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Growth of Wearables Expected to Continue Dropping next Year

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Is your wrist the next great technological frontier? That’s what Google, Apple, and other firms were hoping, but market research firm eMarketer reports that growth in the wearable space is continuing to slow. It expects an 11.9% increase in wearable sales in the next year, possibly slowing to to single digits the following year.

Interest in wearables started picking up steam about five years ago as rumors of an Apple smartwatch began appearing. Some firms like Pebble managed to get smart wearables out the door ahead of Apple. Google also released the first Android Wear devices about a year in advance of the Apple Watch. The eventual Apple Watch release was by far the biggest thing in wearables, though. Some analysts predicted the Apple Watch would sell in large iPad-like numbers. This has not been the case.

Sales of wearable devices have not increased as businesses had hoped. In fact, Pebble ran out of money and closed its doors. Some pieces of the firm were acquired by Fitbit, which has had more success than most in wearables by focusing on fitness. Now, even Fitbit is getting into the full smartwatch market with the Ionic (above). That’s not going to turn around the downward trend, according to eMarketer.

According to the new report, the high price of wearables is one of the primary issues slowing adoption. Even more modestly prices smartwatches can cost several hundred dollars, and Apple sells versions of its watch that cost more than $ 1,000. With phones getting ever more expensive (the Note 8 and iPhone X are up around the $ 1,000), it’s a tough to convince consumers to get an expensive accessory.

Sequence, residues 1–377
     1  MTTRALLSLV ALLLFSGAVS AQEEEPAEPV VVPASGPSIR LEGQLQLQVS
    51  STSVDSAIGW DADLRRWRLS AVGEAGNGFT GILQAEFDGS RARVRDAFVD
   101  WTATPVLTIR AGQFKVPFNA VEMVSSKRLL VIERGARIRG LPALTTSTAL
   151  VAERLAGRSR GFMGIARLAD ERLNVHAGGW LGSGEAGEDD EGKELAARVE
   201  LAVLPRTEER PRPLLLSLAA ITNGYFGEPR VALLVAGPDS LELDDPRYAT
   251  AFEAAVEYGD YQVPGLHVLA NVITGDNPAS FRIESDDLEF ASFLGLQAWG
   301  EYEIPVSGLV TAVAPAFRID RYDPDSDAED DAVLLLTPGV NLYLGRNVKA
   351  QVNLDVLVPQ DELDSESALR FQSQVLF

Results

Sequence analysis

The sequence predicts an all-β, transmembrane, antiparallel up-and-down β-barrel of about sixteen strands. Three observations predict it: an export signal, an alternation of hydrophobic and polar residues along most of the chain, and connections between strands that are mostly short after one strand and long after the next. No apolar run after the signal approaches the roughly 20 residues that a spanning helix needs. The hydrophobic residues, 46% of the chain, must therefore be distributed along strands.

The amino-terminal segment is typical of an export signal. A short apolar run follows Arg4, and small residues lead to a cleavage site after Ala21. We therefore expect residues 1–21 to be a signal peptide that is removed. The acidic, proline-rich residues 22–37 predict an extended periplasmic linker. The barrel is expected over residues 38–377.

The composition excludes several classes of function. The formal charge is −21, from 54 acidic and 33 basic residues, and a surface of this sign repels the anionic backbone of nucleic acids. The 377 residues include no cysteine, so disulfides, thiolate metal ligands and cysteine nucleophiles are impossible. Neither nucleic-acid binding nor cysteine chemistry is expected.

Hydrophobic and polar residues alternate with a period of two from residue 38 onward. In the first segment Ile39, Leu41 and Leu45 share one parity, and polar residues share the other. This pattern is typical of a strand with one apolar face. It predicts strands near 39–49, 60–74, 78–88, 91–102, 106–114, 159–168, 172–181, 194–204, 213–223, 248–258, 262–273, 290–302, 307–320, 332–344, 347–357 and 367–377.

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Rather than tempt mainstream consumers, smartwatches appear confined to the early adopter crowd. With smartphones and tablets, growth was huge for the better part of a decade until tapering off as it reached saturation. Wearables just skipped the high growth phase entirely. eMarketer predicts that any future growth in wearables will come from new users of smartwatches as very few consumers will continue buying these devices on a regular basis like they do phones.

Apple and Google both seem convinced that the key is adding more features and smartphone-like capabilities. However, this also makes the devices more expensive. It might be that no one will ever want to pay $ 300-500 for a smartwatch, even if it can do everything their phone can do. Cheap fitness trackers may continue dominating wearables, leaving little profit or interest for upscale manufacturers.

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